Scotland May 17

Wild Camp at Culra Bothy 27th-30th May 2017

Culra Bothy

A small but select group of Bremex members spent the late May bank holiday weekend backpacking, wild camping, mountain biking and hill walking in a remote area of the central highlands to the west of Dalwhinnie. They camped for two nights by Culra Bothy, which is a good base for the ascent of a number of Munros that are too remote for normal human beings to climb in one day from the nearest public road.

The trip started on the Saturday with the trek in from Dalwhinnie. Steve and Kevin, taking advantage of the relatively flat track along most of the ten-mile route, came in on their mountain bikes, while the other three used Shanks’s Pony.

The bothy has been closed since March 2014 due to the discovery of asbestos and sadly its future remains uncertain. Despite this, the porch provided a handy cooking shelter, for which the group was grateful on that first day, as drizzle set in during the late afternoon and continued throughout the daylight hours, which in the Highlands last long into the evening at this time of year.

Ben Alder from Culra

The weather on the Sunday was dry. Although Ben Alder (1148m) and Beinn Bheoil (1019m), the group’s objectives for the day, were initially covered in cloud, this gradually lifted as they progressed along the ridge in an anti-clockwise direction, so that on reaching the second summit, Beinn Bheoil, they were rewarded with 3600 views.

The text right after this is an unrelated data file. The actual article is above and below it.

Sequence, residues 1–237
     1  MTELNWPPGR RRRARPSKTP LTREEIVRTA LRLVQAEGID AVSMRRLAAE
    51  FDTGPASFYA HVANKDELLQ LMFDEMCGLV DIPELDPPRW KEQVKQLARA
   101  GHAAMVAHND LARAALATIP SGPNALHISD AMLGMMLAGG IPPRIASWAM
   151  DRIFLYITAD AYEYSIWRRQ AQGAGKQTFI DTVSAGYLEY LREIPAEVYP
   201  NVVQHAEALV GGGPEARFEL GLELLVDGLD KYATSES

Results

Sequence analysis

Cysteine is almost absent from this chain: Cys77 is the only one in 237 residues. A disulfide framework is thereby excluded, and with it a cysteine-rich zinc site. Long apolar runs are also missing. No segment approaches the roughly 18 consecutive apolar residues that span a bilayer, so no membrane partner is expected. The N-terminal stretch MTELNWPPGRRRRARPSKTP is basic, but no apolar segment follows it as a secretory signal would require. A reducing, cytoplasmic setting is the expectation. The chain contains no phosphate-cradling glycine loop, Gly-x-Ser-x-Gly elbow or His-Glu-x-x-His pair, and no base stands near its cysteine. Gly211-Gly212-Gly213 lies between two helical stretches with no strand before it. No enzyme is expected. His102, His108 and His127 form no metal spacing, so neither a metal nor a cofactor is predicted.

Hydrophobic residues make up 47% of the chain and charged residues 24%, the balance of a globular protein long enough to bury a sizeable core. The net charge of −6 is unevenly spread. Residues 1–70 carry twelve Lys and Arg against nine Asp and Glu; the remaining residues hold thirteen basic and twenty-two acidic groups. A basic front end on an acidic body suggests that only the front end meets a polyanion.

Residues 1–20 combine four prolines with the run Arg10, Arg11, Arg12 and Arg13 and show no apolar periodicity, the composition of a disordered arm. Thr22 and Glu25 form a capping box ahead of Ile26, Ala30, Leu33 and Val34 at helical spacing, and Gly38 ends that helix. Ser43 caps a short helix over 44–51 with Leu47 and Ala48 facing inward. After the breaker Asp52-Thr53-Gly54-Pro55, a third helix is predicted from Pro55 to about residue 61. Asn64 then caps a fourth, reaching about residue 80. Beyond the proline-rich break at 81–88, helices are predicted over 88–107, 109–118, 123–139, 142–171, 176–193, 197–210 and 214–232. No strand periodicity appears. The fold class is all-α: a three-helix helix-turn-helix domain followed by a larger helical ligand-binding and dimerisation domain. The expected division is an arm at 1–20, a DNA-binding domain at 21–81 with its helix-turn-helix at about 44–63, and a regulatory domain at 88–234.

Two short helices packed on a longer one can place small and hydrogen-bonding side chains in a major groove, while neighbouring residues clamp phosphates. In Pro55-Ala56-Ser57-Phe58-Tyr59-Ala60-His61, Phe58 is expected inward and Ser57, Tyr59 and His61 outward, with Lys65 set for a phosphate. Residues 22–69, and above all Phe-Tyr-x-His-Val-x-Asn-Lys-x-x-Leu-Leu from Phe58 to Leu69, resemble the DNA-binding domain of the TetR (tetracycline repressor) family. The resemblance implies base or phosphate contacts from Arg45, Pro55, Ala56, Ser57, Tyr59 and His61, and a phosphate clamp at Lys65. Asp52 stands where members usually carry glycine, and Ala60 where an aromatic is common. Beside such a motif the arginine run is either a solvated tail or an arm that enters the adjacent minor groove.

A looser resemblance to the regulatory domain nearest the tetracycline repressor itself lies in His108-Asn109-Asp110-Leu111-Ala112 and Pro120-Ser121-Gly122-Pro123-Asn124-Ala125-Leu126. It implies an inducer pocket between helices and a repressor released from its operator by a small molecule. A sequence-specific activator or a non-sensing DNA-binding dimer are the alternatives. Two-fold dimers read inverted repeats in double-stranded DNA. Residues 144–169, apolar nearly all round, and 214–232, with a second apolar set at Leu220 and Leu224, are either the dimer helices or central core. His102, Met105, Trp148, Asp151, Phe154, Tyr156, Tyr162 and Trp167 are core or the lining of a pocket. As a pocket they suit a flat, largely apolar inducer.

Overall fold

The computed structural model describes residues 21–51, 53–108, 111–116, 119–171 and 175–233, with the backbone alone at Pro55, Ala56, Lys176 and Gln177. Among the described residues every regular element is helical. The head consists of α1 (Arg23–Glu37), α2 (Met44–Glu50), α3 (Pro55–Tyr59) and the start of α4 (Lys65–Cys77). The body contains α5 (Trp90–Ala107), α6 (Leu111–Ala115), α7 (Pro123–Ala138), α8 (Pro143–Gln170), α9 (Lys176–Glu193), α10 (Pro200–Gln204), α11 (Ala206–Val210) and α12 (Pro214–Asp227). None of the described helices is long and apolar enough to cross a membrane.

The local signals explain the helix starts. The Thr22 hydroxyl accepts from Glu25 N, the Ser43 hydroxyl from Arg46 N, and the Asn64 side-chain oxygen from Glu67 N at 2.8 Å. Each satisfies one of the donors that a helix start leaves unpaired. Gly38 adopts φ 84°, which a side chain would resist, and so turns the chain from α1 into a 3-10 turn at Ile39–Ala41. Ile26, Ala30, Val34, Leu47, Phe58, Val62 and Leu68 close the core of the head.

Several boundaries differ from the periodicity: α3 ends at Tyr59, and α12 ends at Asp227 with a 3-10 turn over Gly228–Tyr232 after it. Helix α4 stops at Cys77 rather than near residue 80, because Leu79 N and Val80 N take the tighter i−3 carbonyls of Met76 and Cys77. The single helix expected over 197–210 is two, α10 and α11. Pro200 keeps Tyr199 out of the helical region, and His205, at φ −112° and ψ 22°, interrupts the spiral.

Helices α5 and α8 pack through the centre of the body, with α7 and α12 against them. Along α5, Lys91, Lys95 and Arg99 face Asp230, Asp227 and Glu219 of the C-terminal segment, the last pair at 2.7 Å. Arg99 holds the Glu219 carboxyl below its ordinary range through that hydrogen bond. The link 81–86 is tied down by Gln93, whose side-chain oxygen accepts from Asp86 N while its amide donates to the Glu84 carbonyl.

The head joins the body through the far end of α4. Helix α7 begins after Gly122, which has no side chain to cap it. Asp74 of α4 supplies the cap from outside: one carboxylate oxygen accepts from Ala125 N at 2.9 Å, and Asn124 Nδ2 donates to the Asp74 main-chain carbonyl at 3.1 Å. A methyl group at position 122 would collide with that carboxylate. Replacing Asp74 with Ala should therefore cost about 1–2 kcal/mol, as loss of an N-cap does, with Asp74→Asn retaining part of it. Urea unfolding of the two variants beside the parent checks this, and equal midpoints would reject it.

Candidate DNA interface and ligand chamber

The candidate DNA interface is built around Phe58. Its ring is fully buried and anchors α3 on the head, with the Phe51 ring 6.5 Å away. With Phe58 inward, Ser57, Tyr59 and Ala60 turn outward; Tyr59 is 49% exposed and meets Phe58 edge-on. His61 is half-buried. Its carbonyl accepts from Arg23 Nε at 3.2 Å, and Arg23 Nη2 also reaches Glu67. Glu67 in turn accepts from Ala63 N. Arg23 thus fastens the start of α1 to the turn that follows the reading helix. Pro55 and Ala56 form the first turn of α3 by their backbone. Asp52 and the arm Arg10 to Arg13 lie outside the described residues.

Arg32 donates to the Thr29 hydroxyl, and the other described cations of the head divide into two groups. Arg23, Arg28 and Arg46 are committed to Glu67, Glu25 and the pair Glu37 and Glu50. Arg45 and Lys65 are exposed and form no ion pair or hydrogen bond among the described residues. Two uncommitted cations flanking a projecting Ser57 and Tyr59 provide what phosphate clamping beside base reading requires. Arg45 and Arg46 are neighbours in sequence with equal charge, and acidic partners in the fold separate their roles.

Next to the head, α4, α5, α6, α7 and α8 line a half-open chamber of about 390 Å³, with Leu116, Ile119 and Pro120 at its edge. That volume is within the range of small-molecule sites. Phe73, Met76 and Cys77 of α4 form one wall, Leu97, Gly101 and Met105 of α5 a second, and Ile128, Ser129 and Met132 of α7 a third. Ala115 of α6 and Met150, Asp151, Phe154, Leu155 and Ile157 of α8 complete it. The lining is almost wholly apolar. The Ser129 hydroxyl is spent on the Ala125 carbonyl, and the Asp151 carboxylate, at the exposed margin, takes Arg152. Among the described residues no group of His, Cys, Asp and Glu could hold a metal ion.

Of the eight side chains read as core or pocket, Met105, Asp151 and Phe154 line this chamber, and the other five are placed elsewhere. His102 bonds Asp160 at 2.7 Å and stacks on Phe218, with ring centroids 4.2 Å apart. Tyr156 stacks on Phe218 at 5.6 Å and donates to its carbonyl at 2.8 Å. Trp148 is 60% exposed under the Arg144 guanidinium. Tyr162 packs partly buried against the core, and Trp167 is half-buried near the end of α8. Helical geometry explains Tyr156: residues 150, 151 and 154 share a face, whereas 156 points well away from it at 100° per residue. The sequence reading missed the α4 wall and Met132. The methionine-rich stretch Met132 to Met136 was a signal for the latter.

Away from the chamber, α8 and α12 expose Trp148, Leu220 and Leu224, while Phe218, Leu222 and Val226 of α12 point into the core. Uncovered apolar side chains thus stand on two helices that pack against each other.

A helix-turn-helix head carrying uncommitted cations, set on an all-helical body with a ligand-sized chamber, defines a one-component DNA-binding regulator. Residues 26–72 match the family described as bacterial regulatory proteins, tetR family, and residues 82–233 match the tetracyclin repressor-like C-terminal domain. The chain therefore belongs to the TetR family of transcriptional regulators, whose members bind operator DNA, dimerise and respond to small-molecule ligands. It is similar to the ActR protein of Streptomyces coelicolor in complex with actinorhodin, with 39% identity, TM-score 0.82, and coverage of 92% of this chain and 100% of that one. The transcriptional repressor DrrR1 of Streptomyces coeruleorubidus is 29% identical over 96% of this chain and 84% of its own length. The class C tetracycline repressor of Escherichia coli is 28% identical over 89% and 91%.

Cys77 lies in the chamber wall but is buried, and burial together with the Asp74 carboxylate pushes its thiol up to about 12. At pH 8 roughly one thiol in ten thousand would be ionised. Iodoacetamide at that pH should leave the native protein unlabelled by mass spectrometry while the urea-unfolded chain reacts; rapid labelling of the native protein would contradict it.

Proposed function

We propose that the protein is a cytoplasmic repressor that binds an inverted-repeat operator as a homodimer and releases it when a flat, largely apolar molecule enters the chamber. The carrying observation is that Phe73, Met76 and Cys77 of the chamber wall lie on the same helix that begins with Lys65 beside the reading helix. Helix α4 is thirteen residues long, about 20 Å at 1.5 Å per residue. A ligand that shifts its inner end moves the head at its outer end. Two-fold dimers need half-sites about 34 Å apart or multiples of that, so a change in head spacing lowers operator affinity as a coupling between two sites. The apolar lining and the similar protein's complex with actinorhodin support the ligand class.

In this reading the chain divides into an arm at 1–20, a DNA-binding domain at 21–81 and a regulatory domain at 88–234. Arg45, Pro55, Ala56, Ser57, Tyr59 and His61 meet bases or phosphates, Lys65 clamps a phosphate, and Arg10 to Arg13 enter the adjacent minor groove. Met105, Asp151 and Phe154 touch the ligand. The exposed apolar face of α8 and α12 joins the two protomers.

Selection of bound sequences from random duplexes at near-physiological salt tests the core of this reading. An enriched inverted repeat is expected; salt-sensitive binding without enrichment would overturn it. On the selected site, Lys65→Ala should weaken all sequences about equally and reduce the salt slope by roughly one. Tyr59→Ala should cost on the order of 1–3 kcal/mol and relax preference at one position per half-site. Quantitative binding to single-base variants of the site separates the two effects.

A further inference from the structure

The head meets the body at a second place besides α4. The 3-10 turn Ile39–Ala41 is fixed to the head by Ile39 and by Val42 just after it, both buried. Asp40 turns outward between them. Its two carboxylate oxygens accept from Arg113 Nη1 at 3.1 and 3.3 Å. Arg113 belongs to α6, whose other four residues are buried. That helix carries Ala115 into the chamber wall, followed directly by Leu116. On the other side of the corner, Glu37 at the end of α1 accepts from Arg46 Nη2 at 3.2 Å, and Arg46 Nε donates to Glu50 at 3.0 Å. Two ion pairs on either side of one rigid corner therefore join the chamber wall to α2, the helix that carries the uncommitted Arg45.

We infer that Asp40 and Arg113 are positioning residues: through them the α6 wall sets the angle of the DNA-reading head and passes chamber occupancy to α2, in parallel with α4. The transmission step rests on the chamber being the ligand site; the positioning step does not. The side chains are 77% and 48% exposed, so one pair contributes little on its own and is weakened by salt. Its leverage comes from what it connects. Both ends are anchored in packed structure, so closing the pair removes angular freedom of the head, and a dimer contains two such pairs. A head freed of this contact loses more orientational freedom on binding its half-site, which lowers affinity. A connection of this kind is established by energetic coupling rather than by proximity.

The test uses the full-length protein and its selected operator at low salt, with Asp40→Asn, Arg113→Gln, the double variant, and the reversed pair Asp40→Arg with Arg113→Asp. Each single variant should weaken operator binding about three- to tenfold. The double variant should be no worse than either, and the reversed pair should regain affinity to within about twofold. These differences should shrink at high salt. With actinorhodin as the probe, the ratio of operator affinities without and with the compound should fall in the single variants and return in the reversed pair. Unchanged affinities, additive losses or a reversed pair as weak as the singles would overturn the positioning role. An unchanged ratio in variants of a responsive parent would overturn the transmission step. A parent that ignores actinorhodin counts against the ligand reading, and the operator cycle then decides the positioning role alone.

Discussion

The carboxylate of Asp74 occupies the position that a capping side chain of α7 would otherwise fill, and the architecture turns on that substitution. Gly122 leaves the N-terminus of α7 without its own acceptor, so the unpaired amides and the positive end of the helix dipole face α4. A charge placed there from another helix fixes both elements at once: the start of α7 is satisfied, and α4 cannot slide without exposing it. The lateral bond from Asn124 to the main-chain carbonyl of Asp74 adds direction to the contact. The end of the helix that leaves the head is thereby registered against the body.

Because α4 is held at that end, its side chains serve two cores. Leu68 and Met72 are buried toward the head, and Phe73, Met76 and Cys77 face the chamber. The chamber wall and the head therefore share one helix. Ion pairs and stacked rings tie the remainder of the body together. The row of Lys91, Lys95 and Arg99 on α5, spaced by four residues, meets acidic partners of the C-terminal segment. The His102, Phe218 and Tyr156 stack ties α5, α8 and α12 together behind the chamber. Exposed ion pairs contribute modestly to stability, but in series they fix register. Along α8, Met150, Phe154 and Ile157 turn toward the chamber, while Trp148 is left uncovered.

To ascend Ben Alder Steve, Kevin and Damian scrambled up Short Leachas ridge, while the other two opted for the walking route along Long Leachas ridge. The two groups then reconvened at the summit cairn. After Beinn Bheoil the ultra-keen Steve set off in his running shoes to descend almost as far as the bothy before climbing up again to bag an additional Munro, Carn Dearg (1034m). It was a great day out for everyone.

Group on Beinn Bheoil

Late May is the beginning of the midge season in the Highlands. A breeze kept them at bay on the Sunday evening, but Jude had picked up two ticks (small blood-sucking arachnids that lurk in long vegetation, such as bracken). Her tally had increased to four by the end of the trip, but for some reason they did not seem to be attracted to the men.

Loch Ossian

Monday was the day of departure from Culra. The weather stayed dry, but although the cloud, which was very low in the morning, gradually lifted, it never cleared the summits. Jude and Clive, having packed their tents and other gear, set off early to walk the 21km through the narrow pass of Bealach Dubh (725m) and along the shores of Loch Ossian in order to catch an afternoon train from Corrour halt, on the edge of Rannoch Moor, to Tulloch, the next station on the line to Fort William.

The rest of the group bagged three more Munros to the west of the bothy, the highest of which was Aonach Beag (1116m). Steve and Kevin left their tents at Culra, then returned to pack up camp and cycle back out to Dalwhinnie. Damian, however, carried all his gear up the hills in order to descend directly to Loch Ossian and catch an early evening train from Corrour.

The bunkhouse at Tulloch is conveniently located in the former station building. Clive and Jude stayed there for three nights, enjoying the luxury of hot showers and meals prepared by the wardens. They climbed another four Munros on the Tuesday and Wednesday, experiencing mixed weather, with one really wet and windy day, when they got soaked to the skin, but glorious sunshine on their final day – a reminder that when the weather is good there is no better place to be than the Scottish Highlands.